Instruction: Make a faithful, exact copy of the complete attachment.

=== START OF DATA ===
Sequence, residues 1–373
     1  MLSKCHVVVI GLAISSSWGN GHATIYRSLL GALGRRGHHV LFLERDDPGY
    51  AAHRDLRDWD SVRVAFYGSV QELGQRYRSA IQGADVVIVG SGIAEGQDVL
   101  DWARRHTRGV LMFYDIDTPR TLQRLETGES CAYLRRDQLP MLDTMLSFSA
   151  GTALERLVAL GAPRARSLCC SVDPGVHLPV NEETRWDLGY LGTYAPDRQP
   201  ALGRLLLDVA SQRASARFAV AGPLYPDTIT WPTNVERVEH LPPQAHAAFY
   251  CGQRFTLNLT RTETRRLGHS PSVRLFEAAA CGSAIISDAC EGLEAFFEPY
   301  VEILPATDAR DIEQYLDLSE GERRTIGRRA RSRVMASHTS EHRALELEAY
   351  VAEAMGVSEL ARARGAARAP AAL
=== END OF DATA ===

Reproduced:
Sequence, residues 1–373
     1  MLSKCHVVVI GLAISSSWGN GHATIYRSLL GALGRRGHHV LFLERDDPGY
    51  AAHRDLRDWD SVRVAFYGSV QELGQRYRSA IQGADVVIVG SGIAEGQDVL
   101  DWARRHTRGV LMFYDIDTPR TLQRLETGES CAYLRRDQLP MLDTMLSFSA
   151  GTALERLVAL GAPRARSLCC SVDPGVHLPV NEETRWDLGY LGTYAPDRQP
   201  ALGRLLLDVA SQRASARFAV AGPLYPDTIT WPTNVERVEH LPPQAHAAFY
   251  CGQRFTLNLT RTETRRLGHS PSVRLFEAAA CGSAIISDAC EGLEAFFEPY
   301  VEILPATDAR DIEQYLDLSE GERRTIGRRA RSRVMASHTS EHRALELEAY
   351  VAEAMGVSEL ARARGAARAP AAL